One thing you can trace through her collections, though, is a cohesive narrative: She doesn’t start a new season with a fresh slate, but rather continues to build on the story and wardrobe she’s been telling over time. “It’s never a new start—it’s always evolving from the last season. My inspiration and my muse never change.” She always goes back to her family and friend group, to the people she sees on the street, to her neighborhood (Manhattan’s Lower East Side), to her upbringing, exploring all the different ways these intersect and complement each other. (Liang is a Gemini, she notes, and that duality comes up a lot in her work.)

Even though still in the early stages of her career (her namesake brand’s first official presentation was for fall 2014), Liang has been carving out a space for herself, on her own terms, taking an intuitive approach to building a business and rooting her work in her own personal connection to womanhood. It’s not only the first thing that comes up when she puts pen to paper, but also what she considers the driving force behind it all. “I think it’s such an honor to be designing clothes for women,” she says.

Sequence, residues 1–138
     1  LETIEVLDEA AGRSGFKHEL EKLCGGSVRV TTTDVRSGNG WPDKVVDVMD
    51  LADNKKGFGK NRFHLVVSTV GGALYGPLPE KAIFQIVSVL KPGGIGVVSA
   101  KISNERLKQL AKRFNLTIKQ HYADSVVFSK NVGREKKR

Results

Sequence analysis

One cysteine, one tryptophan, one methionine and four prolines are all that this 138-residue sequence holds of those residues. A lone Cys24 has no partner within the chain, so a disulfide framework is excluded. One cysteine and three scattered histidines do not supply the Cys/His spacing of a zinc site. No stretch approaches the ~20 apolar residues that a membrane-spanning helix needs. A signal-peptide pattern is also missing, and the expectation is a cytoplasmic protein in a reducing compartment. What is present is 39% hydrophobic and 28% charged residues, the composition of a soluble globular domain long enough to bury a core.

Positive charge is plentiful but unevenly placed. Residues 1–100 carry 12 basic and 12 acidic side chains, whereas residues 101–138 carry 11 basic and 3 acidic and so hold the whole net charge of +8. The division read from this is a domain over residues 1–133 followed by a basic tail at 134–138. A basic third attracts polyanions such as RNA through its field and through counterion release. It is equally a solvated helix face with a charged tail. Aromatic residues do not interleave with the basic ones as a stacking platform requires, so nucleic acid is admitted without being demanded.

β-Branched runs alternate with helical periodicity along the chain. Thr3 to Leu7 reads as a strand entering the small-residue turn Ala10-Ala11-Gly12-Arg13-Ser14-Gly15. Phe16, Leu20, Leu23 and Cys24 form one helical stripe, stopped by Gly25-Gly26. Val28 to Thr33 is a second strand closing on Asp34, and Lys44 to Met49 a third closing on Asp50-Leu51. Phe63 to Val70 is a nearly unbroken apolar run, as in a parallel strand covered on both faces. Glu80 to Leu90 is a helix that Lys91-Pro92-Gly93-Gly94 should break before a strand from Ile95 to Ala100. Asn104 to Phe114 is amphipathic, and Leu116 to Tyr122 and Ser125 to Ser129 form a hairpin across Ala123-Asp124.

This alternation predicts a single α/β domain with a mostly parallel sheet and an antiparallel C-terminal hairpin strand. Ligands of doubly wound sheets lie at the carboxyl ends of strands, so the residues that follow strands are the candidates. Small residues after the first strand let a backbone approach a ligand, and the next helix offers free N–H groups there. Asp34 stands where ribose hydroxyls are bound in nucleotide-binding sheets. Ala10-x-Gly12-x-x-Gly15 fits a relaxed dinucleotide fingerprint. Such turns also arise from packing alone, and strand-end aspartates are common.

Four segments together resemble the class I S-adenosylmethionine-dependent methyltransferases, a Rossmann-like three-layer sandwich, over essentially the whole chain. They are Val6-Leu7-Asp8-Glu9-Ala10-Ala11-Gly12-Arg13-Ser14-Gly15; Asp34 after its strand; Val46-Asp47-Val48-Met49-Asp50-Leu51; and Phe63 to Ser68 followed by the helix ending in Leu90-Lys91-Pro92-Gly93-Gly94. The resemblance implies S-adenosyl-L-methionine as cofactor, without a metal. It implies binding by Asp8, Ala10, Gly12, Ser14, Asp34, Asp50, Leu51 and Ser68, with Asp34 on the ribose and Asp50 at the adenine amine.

She envisions her customer as someone who’s “so busy, traveling all the time, working in this male-dominated world where they’re really successful,” and tries to answer a simple question: “What do they want to feel like at that moment?”

“I think that the women who are my customers are independent, strong-willed, and they’re not coming to shop from me because some celebrity did,” Comey continues. “They have their own point of view, and their lives are complicated. I’m really just trying to constantly work on making pieces for that lifestyle.”

Her approach to design may not have wavered in light of recent events, but Comey admits that recently she’s found herself gravitating to certain silhouettes she hasn’t explored that much in her work: skirts. (If you know her iconic Legion pant, you know this is a pretty surprising development.) “I don’t know if this is a seasonal thing or how this relates to the environment…but I’m starting to think a little bit more on the usefulness of femininity, and how there’s something important about it in my mind that I’m exploring,” she teases, in regard to her fall 2018 collection. “I’m finding it attractive to think about things that are traditionally specific to women—skirts, dresses, softer things

Source : Glamour